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Why 'Private Cloud' Computing Is Real - And Worth Considering

Companies that want the benefits of cloud computing services without the risks are looking to create cloud-like environments in their own data centers. To do it, they'll need to add a layer of new technologies--virtualization management, cloud APIs, self-service portals, chargeback systems, and more--to existing data center systems and processes.

Be ready for a debate as you discuss this new way of doing things. Just the term "private cloud" irks some computer industry veterans, who argue that cloud computing by definition is something that happens outside of your data center, or that the technologies involved in private clouds have been around for years, or both. Even some of my InformationWeek colleagues pooh-pooh private clouds. "Nothing new under the sun," scoffed one editor

It's true that no single piece of an internal cloud architecture looks like breakthrough technology; it all looks deceptively familiar. I would argue, however, that private clouds represent a convergence of tech trends holding great promise for enterprise computing. Private clouds are a more powerful combination of modular commodity hardware that can be sliced and diced into many small pieces, with networking and storage that can be dynamically allocated through preset policies.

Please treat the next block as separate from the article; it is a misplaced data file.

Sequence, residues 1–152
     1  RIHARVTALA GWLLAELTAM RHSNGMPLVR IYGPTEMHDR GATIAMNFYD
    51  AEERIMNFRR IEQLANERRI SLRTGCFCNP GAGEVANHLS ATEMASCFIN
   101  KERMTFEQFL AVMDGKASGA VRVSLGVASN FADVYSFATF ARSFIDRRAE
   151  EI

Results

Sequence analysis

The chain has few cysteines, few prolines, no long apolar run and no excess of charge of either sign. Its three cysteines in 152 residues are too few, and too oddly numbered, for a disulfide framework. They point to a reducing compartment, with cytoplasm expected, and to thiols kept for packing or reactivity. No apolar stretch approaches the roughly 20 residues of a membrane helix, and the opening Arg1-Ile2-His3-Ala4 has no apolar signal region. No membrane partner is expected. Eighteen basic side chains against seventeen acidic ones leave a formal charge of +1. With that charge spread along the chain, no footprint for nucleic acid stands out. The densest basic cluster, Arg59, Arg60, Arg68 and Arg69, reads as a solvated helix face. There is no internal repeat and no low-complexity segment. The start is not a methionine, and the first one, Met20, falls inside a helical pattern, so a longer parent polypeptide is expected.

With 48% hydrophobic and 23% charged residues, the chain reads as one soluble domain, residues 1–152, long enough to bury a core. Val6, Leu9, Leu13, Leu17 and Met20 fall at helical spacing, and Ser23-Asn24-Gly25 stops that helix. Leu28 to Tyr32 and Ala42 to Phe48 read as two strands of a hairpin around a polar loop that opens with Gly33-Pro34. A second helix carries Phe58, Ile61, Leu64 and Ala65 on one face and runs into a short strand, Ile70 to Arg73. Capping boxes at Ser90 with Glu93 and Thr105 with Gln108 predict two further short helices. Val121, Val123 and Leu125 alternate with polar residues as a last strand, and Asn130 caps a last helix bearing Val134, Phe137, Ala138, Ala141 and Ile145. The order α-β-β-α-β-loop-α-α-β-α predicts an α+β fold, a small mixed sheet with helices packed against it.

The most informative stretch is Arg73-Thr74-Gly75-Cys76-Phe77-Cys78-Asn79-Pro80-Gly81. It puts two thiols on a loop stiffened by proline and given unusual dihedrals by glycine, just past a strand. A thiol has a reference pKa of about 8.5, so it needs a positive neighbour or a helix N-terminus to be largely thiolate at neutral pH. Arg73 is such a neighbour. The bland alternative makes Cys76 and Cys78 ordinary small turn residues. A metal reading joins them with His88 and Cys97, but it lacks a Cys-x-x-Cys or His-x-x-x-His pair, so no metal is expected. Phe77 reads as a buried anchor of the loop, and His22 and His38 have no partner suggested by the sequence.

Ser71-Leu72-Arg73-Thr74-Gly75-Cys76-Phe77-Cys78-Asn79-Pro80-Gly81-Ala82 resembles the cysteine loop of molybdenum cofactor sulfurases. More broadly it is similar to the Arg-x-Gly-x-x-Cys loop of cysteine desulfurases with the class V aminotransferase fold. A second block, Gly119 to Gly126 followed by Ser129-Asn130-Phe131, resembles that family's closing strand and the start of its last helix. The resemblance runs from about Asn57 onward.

A virtualization management layer treats that whole set of technologies as a combined resource, while Internet networking and Web services allow us to interact with the cloud from any location. We can create new services out of existing ones hosted in the cloud and run user workloads at the click of a button. End users were far removed from the old mainframe and Unix server data center; with clouds, the business user can become king. Creating a private cloud will take considerable IT skill, but once one is built, authorized business users will be able to tap that computing power without a lot of know-how.

The Department of Veterans Affairs has deployed a small internal cloud. It wanted an early-warning system that could analyze data from its 100-plus clinics and hospitals and spot outbreaks of infectious diseases, and it had to do so on a tight budget. The project, dubbed the Health Associated Infection and Influenza Surveillance System, was built on six standard blade servers with converged network and storage I/O. The CPUs can be managed individually or as a virtualized whole, with workloads shifted and capacity summoned as necessary.

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